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Charlie Howard's Story
Based on “Charlie Howard’s Descent” by Mark Doty
“I just don’t understand, Charlie.” Mrs. Howard was half whining to Charlie, half to her husband. Charlie stared at his hands, fingering the offending ear piercing, sitting at the kitchen table across from Mr. and Mrs. Howard.
“We just-” Mr. Howard exchanged glances with Mrs. Howard, attempting to put their feelings into words. Mrs. Howard continued her husband’s sentence.
“Charlie, we were fine with one piercing; even a piercing in both ears. But three? In each ear?” She broke down into overdramatic hysterics, and Mr. Howard took her hand and soothed her.
“Charlie,” Mr. Howard said in his deep man voice, “I think you’ve been spending too much time with that young man…what’s his name, dear?”
“I haven’t seen him in years, you know that…” Charlie grumbled.
“Alan,” Mrs. Howard sniffed, ignoring Charlie, “he’s a rotten tomato if there ever was-“
“Shut up!” Charlie stood up so forcefully he knocked the red velvet chair onto the cold, white marble floor.
“Charlie!” Mrs. Howard gasped
“I’m eighteen! I can do whatever the h*ll I want!” Charlie slammed the door on his way out. He didn’t know he was angry till after he screamed.
Charlie started walking, each snow-boot clad foot pounding the asphalt that formed the skeleton of the suburb of his childhood. Hearing the sounds of a party at James’s house, he bent his steps towards the bridge that led over the river into town. Snow started to fall, and Charlie started to shiver: he’d forgotten his jacket. Charlie hated the snow. The snowflakes echoed his peers at Springfield High: queer, they whispered, f*gg*t. As the first snow of the year started to cover autumn’s trash, the dead twigs and the golden leaves fallen from grace, he saw the nightmares of his adolescence. He saw the day he realized he was gay, the day he started defending himself. He saw the day he tried to kiss Alan, his horrified face as he sprinted away forever. He saw the day he stopped fighting the most, though, over and over again. He was a different person now, different than the kid who realized he really didn’t want to kiss Cindy in fifth grade while they were playing spin the bottle. All the jokes, the insults, the harassment, the beatings: this was what defined Charlie Howard, eighteen years old, on his way to Rutgers to major in English. Charlie stopped at the bridge, clinging to the railing for support, out of breath. He didn’t know he was running till he couldn’t breathe.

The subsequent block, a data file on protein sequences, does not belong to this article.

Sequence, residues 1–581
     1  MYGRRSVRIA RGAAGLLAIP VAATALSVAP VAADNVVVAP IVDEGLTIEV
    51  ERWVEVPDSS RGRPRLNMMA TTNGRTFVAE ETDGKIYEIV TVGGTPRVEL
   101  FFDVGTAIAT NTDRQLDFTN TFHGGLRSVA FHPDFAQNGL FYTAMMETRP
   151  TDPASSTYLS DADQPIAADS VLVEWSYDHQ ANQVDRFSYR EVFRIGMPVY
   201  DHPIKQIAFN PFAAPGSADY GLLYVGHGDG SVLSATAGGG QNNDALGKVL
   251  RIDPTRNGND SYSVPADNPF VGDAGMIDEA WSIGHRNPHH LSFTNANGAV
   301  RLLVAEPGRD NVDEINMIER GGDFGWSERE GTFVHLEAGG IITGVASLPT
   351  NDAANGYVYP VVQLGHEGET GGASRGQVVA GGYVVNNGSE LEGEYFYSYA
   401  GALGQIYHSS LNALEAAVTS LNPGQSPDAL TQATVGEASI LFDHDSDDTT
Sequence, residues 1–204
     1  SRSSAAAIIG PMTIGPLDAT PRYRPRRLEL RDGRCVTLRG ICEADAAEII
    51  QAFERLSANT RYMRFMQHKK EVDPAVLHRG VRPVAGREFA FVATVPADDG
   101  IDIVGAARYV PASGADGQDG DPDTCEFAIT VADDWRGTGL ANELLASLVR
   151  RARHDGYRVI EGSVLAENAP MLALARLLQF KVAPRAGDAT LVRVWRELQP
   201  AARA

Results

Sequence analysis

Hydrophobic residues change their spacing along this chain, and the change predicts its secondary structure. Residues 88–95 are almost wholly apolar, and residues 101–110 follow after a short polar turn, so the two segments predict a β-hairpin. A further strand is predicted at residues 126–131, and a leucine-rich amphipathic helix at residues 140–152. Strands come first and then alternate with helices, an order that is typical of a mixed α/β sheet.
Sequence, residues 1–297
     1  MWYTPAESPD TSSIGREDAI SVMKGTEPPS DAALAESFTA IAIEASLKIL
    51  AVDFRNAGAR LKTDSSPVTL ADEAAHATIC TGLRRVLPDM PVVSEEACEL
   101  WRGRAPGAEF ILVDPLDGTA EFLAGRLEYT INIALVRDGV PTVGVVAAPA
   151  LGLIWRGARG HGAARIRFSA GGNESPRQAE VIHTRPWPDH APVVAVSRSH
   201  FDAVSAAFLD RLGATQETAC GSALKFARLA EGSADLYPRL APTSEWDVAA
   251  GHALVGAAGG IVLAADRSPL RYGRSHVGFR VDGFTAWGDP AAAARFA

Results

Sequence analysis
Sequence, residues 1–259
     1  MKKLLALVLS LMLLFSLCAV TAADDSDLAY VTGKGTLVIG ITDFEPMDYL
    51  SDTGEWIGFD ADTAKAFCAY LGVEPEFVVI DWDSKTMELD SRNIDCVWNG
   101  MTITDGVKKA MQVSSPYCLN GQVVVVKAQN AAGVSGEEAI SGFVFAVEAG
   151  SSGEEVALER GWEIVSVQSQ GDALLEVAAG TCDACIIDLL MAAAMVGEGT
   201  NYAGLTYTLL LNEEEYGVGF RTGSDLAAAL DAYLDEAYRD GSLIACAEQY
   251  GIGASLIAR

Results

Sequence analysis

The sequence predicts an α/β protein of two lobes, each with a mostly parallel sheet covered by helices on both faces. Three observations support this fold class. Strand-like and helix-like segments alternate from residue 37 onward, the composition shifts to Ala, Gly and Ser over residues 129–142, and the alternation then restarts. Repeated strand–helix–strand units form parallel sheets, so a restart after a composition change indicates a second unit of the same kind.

Charlie stares at the rushing water beneath the bridge. A pair of headlights, belonging to a Toyota blasting music, were growing larger in the distance. He scampers off the bridge, crouching in the shadows to avoid his partying peers in the car. He is not in the mood to be the butt of James’s jokes, to be called a f*g, to be punched around. As the headlights recede into the distance, Charlie gets back on the bridge, leaning over the railing to stare at the water. Charlie Howard, still a boy, really, barely eighteen, starts to cry. His tears vent the hatred, the animosity. The tears are Charlie Howard, beautiful, sweet, loving Charlie Howard, destroyed by the cruelty of those who should love him and reduced to hiding from his classmates. Charlie Howard’s tears are stopped as a torrent of water rushes into his failing lungs.
He didn’t know he was dying till he drowned.
He didn’t know he was jumping till he fell.